Le Charivari

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Le Charivari:
head of the title page, 1833

Le Charivari ('noisy event'; the title is occasionally translated as 'Das Spektakel') was a satirical magazine that appeared from 1832 to 1937 in Paris .

The magazine

"Naked again this year ..., always naked" (1864)

Two years after the cartoonist Charles Philipon published the magazine La Caricature , Le Charivari first appeared in December 1832 . While La Caricature was printed on higher quality paper, had a larger number of pages and was more anti-monarchist in orientation, the new magazine with a higher circulation and less political subjects was intended to reduce the publisher's financial risk by being less censored. In Le Charivari , reviews , mockery pictures of well-known personalities and less explosive political caricatures than in the competition paper appeared on a total of four pages . After the ban on political caricatures in 1835, satires of everyday life were increasingly published. Nevertheless, due to the censorship and the associated fines, the owners changed several times. In 1864 Louis Adrien Huart took over the publication. The magazine appeared daily until 1926 and was then continued as a weekly until 1937.

On December 15, 1832, Le Charivari published a drawing by Honoré Daumier for the first time . In over forty years, around 3,900  lithographs and hundreds of wood engravings by this artist followed.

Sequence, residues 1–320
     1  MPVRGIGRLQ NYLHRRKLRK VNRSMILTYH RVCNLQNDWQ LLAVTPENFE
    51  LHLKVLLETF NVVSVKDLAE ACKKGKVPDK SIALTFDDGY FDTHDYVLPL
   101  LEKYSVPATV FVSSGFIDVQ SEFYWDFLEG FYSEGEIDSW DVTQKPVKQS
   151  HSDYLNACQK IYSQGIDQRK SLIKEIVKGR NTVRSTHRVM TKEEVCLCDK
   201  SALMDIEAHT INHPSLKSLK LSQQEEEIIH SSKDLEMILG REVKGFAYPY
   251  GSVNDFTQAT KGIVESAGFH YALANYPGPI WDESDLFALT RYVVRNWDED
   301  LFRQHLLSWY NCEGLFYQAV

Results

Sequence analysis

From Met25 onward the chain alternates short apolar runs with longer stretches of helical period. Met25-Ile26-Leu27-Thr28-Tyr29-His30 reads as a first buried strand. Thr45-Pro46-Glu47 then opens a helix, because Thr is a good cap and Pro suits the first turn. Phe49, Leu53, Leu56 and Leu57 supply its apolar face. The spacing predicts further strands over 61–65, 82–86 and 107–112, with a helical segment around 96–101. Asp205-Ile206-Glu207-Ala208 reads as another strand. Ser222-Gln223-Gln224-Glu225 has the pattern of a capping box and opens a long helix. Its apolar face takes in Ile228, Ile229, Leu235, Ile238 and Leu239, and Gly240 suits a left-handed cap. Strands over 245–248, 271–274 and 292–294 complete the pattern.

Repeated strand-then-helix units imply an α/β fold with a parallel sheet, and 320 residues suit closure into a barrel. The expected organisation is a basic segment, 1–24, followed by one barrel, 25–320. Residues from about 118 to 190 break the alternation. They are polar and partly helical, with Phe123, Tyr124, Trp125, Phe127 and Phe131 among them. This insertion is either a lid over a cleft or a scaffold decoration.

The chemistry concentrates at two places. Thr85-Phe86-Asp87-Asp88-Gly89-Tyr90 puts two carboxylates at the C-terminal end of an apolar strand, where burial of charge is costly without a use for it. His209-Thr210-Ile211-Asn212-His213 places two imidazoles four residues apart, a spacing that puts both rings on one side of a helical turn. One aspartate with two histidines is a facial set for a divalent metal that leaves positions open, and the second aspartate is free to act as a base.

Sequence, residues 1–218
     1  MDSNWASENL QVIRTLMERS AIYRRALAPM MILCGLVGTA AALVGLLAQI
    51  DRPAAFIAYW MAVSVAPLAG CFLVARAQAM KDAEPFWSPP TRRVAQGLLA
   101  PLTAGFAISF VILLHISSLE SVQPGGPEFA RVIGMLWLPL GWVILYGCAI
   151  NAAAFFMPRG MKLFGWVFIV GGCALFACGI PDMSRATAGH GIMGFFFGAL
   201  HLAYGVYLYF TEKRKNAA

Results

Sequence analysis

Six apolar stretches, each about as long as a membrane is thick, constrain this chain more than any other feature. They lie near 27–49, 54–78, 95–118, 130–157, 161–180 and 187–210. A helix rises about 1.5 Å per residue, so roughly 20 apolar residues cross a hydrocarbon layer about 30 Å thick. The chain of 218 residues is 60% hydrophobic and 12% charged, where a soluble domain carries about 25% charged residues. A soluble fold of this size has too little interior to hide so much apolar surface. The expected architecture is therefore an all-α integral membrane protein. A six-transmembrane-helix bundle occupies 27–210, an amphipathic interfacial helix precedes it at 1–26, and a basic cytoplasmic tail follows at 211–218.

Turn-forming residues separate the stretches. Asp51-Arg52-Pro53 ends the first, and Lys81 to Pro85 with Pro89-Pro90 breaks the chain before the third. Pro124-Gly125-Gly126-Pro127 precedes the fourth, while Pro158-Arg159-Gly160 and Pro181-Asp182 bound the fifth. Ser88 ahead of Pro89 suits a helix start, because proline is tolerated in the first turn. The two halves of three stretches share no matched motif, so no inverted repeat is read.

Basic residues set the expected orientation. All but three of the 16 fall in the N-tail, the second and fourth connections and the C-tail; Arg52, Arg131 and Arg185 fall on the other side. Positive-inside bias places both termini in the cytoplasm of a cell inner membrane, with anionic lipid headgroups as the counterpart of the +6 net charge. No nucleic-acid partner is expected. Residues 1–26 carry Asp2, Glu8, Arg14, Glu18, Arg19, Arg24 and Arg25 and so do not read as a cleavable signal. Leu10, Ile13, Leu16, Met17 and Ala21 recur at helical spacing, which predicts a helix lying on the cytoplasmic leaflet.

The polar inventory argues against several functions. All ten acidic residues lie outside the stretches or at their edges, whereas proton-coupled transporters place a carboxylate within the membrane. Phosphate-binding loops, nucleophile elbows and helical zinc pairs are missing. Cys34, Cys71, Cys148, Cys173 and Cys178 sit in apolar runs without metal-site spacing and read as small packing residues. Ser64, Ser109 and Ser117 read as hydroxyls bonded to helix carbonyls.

Art critic Louis Leroy wrote what is now the best-known article in the magazine for the April 25, 1874 issue: he titled his report on the first exhibition of the artists' association Société anonyme coopérative des artistes peintres, sculpteurs, engraveurs in the rooms of the photographer Nadar with L'Exposition des Impressionnist, derived from Claude Monet's picture Impression - Soleil levant . With this article, which reviled the artists and their painting style, Leroy succeeded in creating the word impressionism .

Employing artists

Victor Hugo (1849)

By lithographs , woodcuts and (after 1870) with Gillotagen were represented:

Text contributions have been published by:

Magazines with the same name


description french satirical magazine
language French
First edition 1957
attitude 1967
ISSN (print)

From 1838 to 1841 a Belgian edition appeared under the name Charivarie Belge , which was published and printed in Brussels . Le Charivari - Édition Belge followed in the 1850s . In addition to Honoré Daumier and others, Félicien Rops also contributed drawings for illustration in Belgium .

The magazine Punch appeared in London for the first time in 1841 , which was subtitled The London Charivari , alluding to the French model .

In addition, there was a Charivari de Lyon and a German edition, which, however, could not acquire any real significance.

From 1957 to 1967 there was a new attempt to establish a satirical magazine in France under the name Charivari .


Web links

Commons : Charivari  - collection of images, videos and audio files